For­mer Mary­land state del­e­gate Heather Mizeur said on Face­book that Har­ris’s be­hav­ior on Thurs­day and since the Capi­tol siege “has stirred some­thing deep within me” — lead­ing her to think se­ri­ously about chal­leng­ing Har­ris in 2022.

Mizeur, who un­suc­cess­fully sought the 2014 Demo­cratic gu­ber­na­to­rial nom­i­na­tion, would face an up­hill climb in Har­ris’s solidly red district. She said she first started think­ing about run­ning when he ob­jected to Bi­den’s elec­toral vic­tory and nearly got into a phys­i­cal con­fronta­tion with an­other law­maker dur­ing the de­bate on the elec­toral col­lege vote.

She also crit­i­cized Har­ris for say­ing he would seek a sev­enth term, de­spite pledg­ing a decade ago not to stay in of­fice for more than six terms.

The gun in­ci­dent, Mizeur said, was “the tip­ping point.”

Har­ris, the only Repub­li­can in the Mary­land con­gres­sional del­e­ga­tion, took of­fice in 2011 rep­re­sent­ing Mary­land’s East­ern Shore as well as parts of Car­roll, Harford and Bal­ti­more coun­ties. A staunch ally of for­mer pres­i­dent Don­ald Trump, the prac­tic­ing anes­the­si­ol­o­gist par­roted Trump’s false claims of elec­tion fraud. He is a mem­ber of the House’s most con­ser­va­tive group, the House Free­dom Cau­cus, and has been a tena­cious op­po­nent of D.C. au­ton­omy, mar­i­juana le­gal­iza­tion, pan­demic re­stric­tions and stay-home or­ders.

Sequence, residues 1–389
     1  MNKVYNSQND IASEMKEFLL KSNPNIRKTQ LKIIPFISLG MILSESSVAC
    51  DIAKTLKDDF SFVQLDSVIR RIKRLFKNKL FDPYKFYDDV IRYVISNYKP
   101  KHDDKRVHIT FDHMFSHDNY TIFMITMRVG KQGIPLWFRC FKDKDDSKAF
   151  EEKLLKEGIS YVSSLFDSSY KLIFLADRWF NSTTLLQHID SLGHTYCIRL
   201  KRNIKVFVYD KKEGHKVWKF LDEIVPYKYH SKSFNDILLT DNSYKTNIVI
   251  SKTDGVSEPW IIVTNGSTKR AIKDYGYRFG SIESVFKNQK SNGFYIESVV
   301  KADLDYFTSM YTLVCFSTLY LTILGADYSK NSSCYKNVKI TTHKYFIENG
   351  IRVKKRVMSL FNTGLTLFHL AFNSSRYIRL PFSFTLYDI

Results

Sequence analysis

Har­ris’s gun in­ci­dent is the lat­est to heap scru­tiny on law­mak­ers who may be car­ry­ing weapons at the Capi­tol. Some Repub­li­cans have ex­pressed out­rage about the in­stal­la­tion of the metal de­tec­tors in the wake of the riot and in a few cases have blown through them and re­fused to co­op­er­ate with searches after set­ting them off.

Fresh­man Rep. Lau­ren Boe­bert (R- Colo.), who has pledged to carry her Glock in Washington and around Congress, re­port­edly would not let of­fi­cers search her bag after set­ting off the metal de­tec­tor Jan. 12.

House Speaker Nancy Pelosi (D- Calif.) said Fri­day that when the House is back in ses­sion next month, they will vote to fine law­mak­ers $5,000 if they refuse to co­op­er­ate with a metal-de­tec­tor screen­ing. A sec­ond of­fense could lead to a $10,000 fine. “It is sad that this step is nec­es­sary, but the dis­re­spect­ful and dan­ger­ous re­fusal of some Repub­li­can Mem­bers to ad­here to ba­sic safety pre­cau­tions for our Con­gres­sional Com­mu­nity — including our Capi­tol Po­lice — is un­ac­cept­able,” Pelosi wrote in a memo to col­leagues.

 ?? JACQUELYN MARTIN/AS­SO­CI­ATED PRESS ?? Rep. Andy Har­ris’s chief of staff said the Mary­land Repub­li­can has never car­ried a gun on the House floor. Mem­bers of Congress may keep guns in of­fices but may not bring them into the cham­bers.
JACQUELYN MARTIN/AS­SO­CI­ATED PRESS Rep. Andy Har­ris’s chief of staff said the Mary­land Repub­li­can has never car­ried a gun on the House floor. Mem­bers of Congress may keep guns in of­fices but may not bring them into the cham­bers.